The little-known microeconomics textbook Zowning and Bupan does an excellent job of presenting the case against medicare vouchers:
Consider the figure below. The pre-voucher budget line is AZ, and the consumer's choice is shown by point W.
The medicare voucher will affect the recipient in one of two ways. Figure a shows one possibility. In this case, the consumer chooses market basket W' when the budget line is AA'Z' under the medicare voucher program. If the consumer receives instead a cash grant of equal value, the budget line is A"Z', and the same market basket W' would be chosen. Consumption of medical care increases, but only because medical care is a normal good, and more of a normal good is consumed at a higher income. Note, however, that medical care consumption rises by less than the amount of the subsidy. For the preferences shown in Figure a, medical care consumption increases by 5 units. The consumer uses the remainder of the subsidy to increase purchases of other goods. (Because other goods, taken as a group, are certainly normal goods, too, the purchase of these goods will also increase).
Figure b, where the indifference curves differ from those of Figure a, shows another possible outcome of the medicare voucher. In this case, with a direct cash subsidy, the consumer prefers to consume at point W', where U3 is tangent to the budget line A"A'Z'. The medicare voucher prohibits such an outcome, however; the consumer must choose amount the options shown by the AA'Z' budget line. Faced with these alternatives, the best the consumer can do is choose point A', because the highest indifference curve attainable is U2, which passes through the market basket at point A'.
When the situation shown in Figure b occurs, the voucher increases the consumer's purchases of both medical and non-medical items. Indeed, regardless of whether Figure a or Figure b is the relevant case, the medicare voucher cannot in reality avoid being used in part to finance increased consumption of non-medical items. This result is particularly interesting because many proponents of subsidies of this sort emphasized that the subsidy should not be used to finance consumption of "unnecessary" goods (such as vodka or junk food). In practice, it is difficult to design a subsidy that will increase consumption of only the subsidized good and not increase consumption of other goods at the same time.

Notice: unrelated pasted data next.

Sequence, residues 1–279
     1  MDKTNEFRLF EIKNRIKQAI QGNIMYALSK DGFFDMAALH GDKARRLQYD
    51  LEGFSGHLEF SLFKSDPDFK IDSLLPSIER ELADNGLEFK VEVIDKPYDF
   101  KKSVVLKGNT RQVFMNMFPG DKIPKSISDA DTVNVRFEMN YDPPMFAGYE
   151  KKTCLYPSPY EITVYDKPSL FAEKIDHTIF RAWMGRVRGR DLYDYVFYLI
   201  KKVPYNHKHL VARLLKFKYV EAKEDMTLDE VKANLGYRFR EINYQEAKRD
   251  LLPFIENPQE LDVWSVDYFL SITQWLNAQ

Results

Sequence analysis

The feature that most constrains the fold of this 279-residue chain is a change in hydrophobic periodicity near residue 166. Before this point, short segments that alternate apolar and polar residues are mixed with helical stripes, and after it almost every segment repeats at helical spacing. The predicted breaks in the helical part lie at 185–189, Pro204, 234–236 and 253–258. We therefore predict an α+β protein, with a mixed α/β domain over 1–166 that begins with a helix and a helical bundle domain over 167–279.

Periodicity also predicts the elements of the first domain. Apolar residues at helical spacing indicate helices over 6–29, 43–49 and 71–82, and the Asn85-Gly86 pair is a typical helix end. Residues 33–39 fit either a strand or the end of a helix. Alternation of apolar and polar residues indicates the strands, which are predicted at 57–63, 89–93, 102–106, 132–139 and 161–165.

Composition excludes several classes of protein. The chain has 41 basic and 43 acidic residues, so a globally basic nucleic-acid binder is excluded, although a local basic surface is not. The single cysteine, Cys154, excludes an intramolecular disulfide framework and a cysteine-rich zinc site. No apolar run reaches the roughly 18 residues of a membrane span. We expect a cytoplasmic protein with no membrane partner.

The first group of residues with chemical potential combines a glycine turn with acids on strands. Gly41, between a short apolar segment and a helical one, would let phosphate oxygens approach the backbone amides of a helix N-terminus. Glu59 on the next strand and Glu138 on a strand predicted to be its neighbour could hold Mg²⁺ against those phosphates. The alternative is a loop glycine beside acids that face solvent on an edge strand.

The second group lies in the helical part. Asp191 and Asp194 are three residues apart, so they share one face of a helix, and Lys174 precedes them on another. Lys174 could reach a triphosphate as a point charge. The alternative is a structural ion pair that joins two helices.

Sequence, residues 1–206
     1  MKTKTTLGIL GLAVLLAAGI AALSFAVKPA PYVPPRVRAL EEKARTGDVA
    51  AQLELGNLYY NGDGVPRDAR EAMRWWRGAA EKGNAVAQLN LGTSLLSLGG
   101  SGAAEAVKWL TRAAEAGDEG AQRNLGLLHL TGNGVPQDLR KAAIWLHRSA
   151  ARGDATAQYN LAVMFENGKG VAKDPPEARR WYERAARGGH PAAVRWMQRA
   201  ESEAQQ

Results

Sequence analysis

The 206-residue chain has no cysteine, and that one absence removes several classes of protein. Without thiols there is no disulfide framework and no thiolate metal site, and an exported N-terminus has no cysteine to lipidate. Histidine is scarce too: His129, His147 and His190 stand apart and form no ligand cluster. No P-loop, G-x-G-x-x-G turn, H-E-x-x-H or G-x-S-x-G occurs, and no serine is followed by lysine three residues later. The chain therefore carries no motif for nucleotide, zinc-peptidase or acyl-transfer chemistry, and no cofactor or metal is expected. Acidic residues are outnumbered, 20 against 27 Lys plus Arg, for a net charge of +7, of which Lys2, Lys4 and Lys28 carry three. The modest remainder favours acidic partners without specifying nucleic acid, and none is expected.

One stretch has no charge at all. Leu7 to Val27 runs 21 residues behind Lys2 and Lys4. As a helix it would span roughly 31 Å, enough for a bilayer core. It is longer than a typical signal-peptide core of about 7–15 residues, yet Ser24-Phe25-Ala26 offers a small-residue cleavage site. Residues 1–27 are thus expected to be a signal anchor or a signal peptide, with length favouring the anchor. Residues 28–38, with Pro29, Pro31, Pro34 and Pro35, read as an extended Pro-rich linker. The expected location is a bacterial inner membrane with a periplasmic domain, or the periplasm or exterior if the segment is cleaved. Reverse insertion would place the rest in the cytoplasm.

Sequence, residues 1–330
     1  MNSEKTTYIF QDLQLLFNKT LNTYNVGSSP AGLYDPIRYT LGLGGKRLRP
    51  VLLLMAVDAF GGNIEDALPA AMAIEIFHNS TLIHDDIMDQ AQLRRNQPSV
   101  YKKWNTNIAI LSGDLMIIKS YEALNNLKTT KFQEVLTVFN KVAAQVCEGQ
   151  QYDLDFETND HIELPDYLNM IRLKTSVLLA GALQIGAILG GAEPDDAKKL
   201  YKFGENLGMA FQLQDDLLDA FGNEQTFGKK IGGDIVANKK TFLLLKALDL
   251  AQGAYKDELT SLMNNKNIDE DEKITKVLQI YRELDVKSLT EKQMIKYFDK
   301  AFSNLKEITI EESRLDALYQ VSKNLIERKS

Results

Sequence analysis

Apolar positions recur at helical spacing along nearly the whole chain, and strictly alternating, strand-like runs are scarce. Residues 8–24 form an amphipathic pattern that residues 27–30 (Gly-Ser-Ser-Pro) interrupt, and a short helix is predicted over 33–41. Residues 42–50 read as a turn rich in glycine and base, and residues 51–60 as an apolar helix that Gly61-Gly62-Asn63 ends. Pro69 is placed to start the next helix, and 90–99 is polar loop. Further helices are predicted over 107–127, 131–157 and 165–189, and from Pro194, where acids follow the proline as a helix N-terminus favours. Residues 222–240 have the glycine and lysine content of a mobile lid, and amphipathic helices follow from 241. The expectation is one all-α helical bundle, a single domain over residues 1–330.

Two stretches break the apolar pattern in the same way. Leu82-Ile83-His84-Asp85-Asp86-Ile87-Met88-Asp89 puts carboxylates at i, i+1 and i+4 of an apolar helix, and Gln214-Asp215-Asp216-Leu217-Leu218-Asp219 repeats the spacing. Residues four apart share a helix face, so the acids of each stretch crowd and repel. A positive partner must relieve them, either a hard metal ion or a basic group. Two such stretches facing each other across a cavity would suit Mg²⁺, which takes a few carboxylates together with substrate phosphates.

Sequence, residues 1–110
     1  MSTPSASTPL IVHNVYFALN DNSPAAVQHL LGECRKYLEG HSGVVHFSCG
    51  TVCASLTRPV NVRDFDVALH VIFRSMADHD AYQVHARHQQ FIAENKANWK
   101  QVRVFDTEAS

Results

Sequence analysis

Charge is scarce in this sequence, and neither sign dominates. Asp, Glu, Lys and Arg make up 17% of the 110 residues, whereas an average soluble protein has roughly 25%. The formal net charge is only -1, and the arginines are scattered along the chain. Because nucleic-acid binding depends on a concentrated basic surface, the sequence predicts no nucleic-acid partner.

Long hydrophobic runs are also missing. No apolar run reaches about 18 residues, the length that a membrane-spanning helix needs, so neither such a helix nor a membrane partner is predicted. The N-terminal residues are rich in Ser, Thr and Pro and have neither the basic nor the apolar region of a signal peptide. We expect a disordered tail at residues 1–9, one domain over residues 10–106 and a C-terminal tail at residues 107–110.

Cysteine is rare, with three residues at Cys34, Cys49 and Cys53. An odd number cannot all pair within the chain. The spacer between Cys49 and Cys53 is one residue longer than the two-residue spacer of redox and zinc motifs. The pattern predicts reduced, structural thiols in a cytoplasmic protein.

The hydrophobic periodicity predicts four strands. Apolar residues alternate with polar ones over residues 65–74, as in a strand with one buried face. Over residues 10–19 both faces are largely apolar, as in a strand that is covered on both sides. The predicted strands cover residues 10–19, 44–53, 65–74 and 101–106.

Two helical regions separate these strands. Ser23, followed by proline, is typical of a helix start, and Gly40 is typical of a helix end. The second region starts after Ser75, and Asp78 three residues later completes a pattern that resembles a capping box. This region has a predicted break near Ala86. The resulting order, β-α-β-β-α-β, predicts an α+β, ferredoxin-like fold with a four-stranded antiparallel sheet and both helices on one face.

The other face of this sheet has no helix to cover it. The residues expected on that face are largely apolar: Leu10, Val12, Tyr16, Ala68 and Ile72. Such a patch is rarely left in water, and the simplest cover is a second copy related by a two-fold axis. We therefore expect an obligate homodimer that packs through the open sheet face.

Note also that the consumer in Figure b will be better off if given $50 to spend as he or she wishes instead of $50 in medicare vouchers. This observation illustrates the general proposition that recipients of a subsidy will be better off if the subsidy is given as cash. The situation in Figure a illustrates why there is a qualification ot this proposition: in some cases the consumer is equally well off under either subsidy. THere is no case, however, when the consumer is better off with a subsidy to particular good rather than an equivalent cash subsidy.
There is no Zowning and Bupan textbook. I just changed "food" to "medical care" and "food stamps" to "medicare vouchers" in the analysis of food stamps in Browning and Zupan's intermediate microeconomics textbook. Actually, Browning and Zupan provide a spirited defence of vouchers in the 11th edition of their text, arguing that they would be more efficient than President Obama's health care reforms.
It's a pattern repeated in some other economics textbooks (e.g. Harvey Rosen's widely used public finance text). Where a good is presently publicly financed or provided, as is the case for medicare or elementary education, the text argues for the superiority of vouchers over public provision or finance. Where a good is provided through vouchers, as is the case for food stamps, the text argues for the superiority of cash transfers over subsidies. Where cash transfers exist, the text shows that the high effective marginal tax rates implicit in tax/transfer programs reduce work incentives.
Not every economics text argues for minimal government, and not every economist believes in it. But those who do are unlikely to stop arguing for smaller government just because a few government provided services have been replaced with vouchers.